I was obsessed with The Beatles and Bowie growing up. Then we both got into Radiohead in a very big way and then started to listen to everything that Thom Yorke would have been influenced by and would blog about. Aphex Twin, Four Tet and Burial. This would have been around the time I would have moved to Dublin. At that time, coming from a tiny town in the south of Ireland we were completely oblivious to current trends in dance and electronic music. I think that’s good though because you’re not trying to make something to live up to any current standards.

P: I think Kev hit the nail on the head. We had no preconceptions of what was cool or what the norm was with dance music. When I was writing songs, I was only teaching myself Piano at the time, so my ignorance ended up making for some original sounding stuff. The music we were making was just reiterations of all the stuff we were listening to at the time. But the weird thing is I listen to huge amounts of Hip-Hop and R&B music, only very small amounts of the ‘dark dub’ stuff. Kanye West is my Hero believe it or not. Kev and I were also in a choir for six years so that kind of stuff always tickles our fancy. Were obsessed with musicals too. Especially ‘Chess’ and ‘Jesus Christ Superstar’. I think you’ll see all of these influences on our next release.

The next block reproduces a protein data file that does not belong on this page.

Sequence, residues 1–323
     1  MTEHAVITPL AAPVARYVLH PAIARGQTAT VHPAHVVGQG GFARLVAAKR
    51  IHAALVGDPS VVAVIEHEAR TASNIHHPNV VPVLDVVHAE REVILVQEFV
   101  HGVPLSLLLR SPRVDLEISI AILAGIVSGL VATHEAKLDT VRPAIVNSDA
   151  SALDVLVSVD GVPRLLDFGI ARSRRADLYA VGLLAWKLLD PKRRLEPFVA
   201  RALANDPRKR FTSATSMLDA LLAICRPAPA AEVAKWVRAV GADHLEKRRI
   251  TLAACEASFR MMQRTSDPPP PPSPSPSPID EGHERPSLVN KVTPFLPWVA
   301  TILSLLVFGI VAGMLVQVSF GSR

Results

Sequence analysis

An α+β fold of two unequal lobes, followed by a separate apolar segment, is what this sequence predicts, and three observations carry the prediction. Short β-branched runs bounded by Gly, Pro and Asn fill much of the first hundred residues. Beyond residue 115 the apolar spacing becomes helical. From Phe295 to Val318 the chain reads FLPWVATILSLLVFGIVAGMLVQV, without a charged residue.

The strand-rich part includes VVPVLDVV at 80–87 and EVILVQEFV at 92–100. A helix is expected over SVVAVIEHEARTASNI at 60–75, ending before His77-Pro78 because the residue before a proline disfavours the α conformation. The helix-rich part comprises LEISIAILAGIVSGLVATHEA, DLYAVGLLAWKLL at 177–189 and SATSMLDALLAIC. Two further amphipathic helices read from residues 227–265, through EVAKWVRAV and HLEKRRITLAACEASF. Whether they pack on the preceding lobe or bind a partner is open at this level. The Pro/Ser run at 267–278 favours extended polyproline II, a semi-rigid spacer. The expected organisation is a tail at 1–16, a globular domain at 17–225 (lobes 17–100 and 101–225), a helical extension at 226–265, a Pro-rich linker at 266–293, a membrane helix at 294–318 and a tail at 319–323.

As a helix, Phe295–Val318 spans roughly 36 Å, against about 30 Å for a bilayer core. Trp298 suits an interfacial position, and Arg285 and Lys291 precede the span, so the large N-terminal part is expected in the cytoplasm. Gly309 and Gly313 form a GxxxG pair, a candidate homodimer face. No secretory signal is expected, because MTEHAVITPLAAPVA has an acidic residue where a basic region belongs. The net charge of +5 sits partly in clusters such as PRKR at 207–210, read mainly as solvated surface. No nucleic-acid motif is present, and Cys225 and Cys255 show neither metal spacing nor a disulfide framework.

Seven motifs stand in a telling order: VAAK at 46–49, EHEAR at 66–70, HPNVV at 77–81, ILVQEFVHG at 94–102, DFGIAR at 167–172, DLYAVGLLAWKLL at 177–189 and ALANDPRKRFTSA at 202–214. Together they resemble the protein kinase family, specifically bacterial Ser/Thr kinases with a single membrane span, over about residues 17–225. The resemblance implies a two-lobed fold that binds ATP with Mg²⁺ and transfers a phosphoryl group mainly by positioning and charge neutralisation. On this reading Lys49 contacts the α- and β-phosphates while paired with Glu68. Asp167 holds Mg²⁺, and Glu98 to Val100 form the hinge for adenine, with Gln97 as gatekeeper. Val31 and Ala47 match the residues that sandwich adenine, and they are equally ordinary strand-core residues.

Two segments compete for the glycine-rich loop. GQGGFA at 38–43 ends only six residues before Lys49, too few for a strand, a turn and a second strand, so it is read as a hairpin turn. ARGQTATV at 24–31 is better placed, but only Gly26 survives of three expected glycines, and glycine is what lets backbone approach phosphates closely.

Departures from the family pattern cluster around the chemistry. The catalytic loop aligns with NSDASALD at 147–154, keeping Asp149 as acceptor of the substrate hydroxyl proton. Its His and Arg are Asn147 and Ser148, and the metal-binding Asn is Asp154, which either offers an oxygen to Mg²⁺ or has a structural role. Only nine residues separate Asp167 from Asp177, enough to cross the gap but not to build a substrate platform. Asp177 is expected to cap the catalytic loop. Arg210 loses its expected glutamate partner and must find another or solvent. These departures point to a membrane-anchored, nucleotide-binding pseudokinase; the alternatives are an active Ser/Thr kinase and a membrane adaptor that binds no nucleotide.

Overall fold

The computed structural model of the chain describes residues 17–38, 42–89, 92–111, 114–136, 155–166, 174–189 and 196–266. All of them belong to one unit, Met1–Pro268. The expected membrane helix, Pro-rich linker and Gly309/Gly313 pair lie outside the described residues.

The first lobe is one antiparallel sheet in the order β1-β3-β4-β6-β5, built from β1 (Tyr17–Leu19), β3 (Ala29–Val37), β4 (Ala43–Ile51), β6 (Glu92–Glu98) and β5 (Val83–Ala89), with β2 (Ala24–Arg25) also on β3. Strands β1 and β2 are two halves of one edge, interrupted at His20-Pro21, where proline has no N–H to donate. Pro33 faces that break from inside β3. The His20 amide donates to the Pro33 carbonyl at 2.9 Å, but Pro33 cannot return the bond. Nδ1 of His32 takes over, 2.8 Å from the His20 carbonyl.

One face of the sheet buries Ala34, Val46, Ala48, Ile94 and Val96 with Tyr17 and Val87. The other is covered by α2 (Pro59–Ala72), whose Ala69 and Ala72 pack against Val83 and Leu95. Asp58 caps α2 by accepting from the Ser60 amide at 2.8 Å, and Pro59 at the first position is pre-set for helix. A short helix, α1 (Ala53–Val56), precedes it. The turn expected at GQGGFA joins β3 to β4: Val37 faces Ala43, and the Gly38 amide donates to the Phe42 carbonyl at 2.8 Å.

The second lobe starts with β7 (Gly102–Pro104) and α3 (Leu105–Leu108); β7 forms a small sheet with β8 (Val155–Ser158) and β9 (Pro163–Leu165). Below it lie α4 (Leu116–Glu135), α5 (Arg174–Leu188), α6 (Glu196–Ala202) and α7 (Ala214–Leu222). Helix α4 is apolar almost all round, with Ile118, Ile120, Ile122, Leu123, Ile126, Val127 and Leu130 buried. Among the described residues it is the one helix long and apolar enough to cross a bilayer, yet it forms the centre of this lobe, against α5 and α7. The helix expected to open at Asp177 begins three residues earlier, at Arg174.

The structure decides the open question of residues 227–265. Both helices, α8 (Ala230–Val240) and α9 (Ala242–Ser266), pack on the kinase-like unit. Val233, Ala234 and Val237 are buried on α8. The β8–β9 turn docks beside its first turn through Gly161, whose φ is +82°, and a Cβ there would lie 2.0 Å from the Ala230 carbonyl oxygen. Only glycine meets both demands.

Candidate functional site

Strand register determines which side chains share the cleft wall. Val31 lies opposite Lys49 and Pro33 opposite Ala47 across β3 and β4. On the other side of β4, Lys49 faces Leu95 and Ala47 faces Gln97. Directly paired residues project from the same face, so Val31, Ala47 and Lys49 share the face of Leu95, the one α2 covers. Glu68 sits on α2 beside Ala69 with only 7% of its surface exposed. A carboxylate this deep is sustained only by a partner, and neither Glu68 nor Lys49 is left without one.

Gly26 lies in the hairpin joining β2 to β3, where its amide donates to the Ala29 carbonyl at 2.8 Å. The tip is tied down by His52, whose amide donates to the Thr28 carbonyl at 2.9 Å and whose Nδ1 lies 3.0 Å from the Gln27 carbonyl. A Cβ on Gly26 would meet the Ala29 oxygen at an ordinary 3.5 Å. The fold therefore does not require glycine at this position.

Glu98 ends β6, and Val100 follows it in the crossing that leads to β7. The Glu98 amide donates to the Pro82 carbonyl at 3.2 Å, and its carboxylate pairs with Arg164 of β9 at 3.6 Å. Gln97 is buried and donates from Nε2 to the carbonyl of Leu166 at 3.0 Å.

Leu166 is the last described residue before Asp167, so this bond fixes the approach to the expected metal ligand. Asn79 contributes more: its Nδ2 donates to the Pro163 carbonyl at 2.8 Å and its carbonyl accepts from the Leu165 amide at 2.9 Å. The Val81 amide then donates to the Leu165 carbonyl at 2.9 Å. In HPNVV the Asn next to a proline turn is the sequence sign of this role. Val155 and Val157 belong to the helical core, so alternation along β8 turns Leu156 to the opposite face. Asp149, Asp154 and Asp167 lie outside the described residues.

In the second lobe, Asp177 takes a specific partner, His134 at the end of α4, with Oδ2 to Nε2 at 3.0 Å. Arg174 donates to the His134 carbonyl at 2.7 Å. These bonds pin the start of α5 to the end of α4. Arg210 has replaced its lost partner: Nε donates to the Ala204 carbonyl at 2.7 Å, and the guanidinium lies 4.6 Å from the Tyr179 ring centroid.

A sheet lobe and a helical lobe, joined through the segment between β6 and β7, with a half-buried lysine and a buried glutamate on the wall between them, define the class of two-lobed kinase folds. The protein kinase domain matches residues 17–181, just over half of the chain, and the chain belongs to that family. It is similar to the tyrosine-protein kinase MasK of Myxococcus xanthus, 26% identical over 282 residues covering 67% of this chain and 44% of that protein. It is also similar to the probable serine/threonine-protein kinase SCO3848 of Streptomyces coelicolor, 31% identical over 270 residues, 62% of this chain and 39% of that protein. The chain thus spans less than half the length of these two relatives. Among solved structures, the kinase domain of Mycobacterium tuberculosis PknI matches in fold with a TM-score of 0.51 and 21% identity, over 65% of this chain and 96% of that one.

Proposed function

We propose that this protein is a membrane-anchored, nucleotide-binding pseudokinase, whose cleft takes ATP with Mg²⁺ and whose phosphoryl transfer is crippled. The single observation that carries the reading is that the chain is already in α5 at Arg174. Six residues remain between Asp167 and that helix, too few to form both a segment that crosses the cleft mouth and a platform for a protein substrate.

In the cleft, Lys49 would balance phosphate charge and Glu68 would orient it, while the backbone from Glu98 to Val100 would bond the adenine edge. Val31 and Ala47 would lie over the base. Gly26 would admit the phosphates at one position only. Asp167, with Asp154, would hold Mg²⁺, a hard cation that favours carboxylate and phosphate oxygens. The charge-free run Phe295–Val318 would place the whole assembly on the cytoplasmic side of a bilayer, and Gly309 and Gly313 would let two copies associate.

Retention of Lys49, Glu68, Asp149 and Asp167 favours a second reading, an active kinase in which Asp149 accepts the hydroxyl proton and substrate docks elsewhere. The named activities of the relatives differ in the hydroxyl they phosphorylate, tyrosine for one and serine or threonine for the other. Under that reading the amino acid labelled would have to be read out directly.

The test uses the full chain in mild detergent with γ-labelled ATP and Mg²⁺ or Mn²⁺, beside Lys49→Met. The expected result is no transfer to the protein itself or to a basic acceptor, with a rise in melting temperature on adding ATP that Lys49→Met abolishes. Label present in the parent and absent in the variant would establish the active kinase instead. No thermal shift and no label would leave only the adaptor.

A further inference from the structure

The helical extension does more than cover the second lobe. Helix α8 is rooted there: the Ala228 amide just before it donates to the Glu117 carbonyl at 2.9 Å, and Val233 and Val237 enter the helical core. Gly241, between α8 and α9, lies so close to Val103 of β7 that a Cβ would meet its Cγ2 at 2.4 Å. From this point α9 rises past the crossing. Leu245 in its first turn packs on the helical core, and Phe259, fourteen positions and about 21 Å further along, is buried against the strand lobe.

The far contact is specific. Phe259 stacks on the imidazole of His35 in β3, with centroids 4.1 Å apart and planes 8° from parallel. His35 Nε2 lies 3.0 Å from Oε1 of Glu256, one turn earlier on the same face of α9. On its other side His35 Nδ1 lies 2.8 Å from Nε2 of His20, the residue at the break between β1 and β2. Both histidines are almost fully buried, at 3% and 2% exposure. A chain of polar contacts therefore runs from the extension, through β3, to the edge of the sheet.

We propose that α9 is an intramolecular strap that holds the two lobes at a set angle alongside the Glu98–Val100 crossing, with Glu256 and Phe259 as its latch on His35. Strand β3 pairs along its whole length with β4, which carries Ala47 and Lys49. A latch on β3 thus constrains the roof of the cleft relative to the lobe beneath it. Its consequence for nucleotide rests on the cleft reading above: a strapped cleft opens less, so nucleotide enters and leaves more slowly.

You give off that vibe of producers that stay indoors all day and only make beats in their bedrooms. Am I right?

K: The music we make as Ghosts is very much programmed music. I’m a classically trained pianist. I also play brass and we both play guitars. Paudie is an insane Bass player. We try and put as much musicality into the music but it seems the most effective way for us so far has been to do it precisely with a mouse. That’s just to do with the style really. It’s funny though because we’ve been reworking a lot of the songs we wrote before Doxology and producing them to fit in with the style were making now and its working a treat.

P: Bass was my first instrument so I always love deep bass lines in music. I play Guitar, Drums, and Piano. I taught myself everything. I couldn’t handle the lessons. The point we’re at now is really fun and challenging because we’re trying to rework some songs we wrote when we were 16 and they’re just coming out beautifully. We can’t wait to show you.

There’s a lot of pain in some of your records. Is that personal?

K: Not really. I’ve always been into really depressing music. It’s what makes my brain feel nice. Naturally a person is going to make the music they like. Everybody is drawn to different musical characteristics. I like the sad stuff. I wouldn’t really associate personal pain with programming electronic music. I think that comes from more performance-based music, which I also do a lot of and am slowly trying to incorporate into our music.

P: I would rather not talk about it…  just joking! The only thing personal about our previous releases was some of the lyrics. I can only speak for myself there. Our new stuff is a bit more personal I think because there is a lot more performance incorporated into the production, and some of them are songs we wrote when we were moody teenagers.